The researchers found that switching patients to a generic or a less expensive brand-name drug, the most frequently used strategy, was likely to be beneficial. But they noted that other approaches, such as tablet splitting, needed caution. Tablet splitting is done because higher-strength tablets are sometimes not much more expensive than lower-dose tablets. For example, tablet splitting involves splitting a 40 milligram (mg) tablet to get a 20 mg dose. The researchers said that while tablet splitting can reduce costs, it can also complicate prescription regimens and can be technically difficult to do.

"We don't advocate splitting pills to save money, and this isn't something patients should do on their own," says Tom McGinnis, R.Ph., the FDA's Director of Pharmacy Affairs. "We leave it up to the doctors. If the prescriber thinks a patient could benefit from a lower dose of medication than is available or if it's the only way a patient can afford the treatment, then the doctor can direct that a patient split the tablet. Pharmacies sell inexpensive devices that help consumers easily split tablets of all shapes." McGinnis says. The major concerns over tablet splitting are that the patient may not split the pills accurately and that some tablets, such as time-release versions, should never be split.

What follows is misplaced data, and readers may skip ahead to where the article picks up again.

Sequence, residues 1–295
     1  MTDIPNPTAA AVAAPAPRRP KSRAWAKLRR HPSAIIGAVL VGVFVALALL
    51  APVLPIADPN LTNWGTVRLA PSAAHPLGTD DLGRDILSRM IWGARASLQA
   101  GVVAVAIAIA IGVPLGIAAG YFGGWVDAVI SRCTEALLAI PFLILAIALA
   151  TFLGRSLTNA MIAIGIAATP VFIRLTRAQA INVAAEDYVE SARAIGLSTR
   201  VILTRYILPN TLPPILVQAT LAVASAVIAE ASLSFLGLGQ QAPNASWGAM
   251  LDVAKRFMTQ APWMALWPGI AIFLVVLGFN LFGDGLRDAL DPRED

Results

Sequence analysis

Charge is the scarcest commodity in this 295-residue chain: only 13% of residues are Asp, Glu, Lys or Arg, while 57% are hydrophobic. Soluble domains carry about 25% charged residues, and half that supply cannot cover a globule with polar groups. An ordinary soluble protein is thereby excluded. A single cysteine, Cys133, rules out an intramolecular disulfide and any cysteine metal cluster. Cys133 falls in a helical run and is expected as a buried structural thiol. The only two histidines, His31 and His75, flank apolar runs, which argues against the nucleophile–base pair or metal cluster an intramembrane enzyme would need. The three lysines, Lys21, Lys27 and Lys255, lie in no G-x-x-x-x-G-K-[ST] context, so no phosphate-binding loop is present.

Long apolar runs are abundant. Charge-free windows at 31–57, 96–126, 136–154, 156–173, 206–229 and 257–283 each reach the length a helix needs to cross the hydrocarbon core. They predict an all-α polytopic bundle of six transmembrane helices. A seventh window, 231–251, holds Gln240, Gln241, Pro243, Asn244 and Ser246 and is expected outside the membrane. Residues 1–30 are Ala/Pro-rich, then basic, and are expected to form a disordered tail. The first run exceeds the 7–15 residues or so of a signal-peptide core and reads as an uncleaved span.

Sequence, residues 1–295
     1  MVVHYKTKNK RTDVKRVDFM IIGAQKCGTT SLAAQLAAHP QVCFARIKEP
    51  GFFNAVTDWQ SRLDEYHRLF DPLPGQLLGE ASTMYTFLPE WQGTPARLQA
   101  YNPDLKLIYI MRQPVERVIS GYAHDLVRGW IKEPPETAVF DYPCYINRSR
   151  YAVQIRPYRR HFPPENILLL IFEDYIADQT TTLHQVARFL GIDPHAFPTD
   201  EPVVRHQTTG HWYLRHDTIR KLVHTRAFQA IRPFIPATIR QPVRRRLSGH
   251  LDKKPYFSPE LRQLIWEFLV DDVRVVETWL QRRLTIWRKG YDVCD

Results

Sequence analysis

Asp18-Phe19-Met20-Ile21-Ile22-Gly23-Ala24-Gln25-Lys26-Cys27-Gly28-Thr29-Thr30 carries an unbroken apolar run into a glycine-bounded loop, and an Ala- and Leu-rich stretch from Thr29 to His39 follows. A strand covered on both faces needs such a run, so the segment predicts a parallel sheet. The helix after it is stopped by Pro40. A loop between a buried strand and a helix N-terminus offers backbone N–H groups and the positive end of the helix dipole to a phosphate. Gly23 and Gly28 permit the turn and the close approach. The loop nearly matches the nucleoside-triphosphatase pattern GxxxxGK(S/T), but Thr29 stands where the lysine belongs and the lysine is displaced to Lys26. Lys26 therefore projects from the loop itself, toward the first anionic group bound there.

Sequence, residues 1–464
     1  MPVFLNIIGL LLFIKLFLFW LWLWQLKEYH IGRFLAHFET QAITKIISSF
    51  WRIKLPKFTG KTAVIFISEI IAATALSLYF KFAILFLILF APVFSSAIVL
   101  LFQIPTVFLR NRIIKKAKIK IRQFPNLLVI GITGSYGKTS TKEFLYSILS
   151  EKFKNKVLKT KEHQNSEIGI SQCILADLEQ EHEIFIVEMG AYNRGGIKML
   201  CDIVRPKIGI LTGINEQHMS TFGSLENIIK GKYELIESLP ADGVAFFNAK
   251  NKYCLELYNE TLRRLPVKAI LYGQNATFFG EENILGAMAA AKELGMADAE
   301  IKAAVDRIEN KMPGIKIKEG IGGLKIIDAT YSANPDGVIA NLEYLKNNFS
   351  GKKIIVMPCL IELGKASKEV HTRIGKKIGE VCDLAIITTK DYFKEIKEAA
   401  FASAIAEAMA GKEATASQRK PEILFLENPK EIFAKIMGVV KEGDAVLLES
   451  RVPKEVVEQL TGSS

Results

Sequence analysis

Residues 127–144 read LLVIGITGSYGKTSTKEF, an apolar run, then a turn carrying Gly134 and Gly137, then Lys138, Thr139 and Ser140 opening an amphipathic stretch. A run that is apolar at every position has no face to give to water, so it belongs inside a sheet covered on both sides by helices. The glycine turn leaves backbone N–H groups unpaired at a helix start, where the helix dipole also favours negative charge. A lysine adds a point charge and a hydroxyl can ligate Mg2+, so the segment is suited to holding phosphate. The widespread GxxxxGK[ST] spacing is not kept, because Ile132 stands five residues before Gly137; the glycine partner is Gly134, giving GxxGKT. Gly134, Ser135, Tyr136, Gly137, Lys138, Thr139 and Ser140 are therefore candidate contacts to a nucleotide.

The practice of physicians distributing free samples of brand-name drugs -- another area that isn't clear-cut -- was the second most likely strategy used by doctors in the study to help ease cost concerns. Hunter says he thinks free samples influence doctors to prescribe expensive, new medications, but he has also worked in clinics where patients rely on free samples to reduce their drug costs.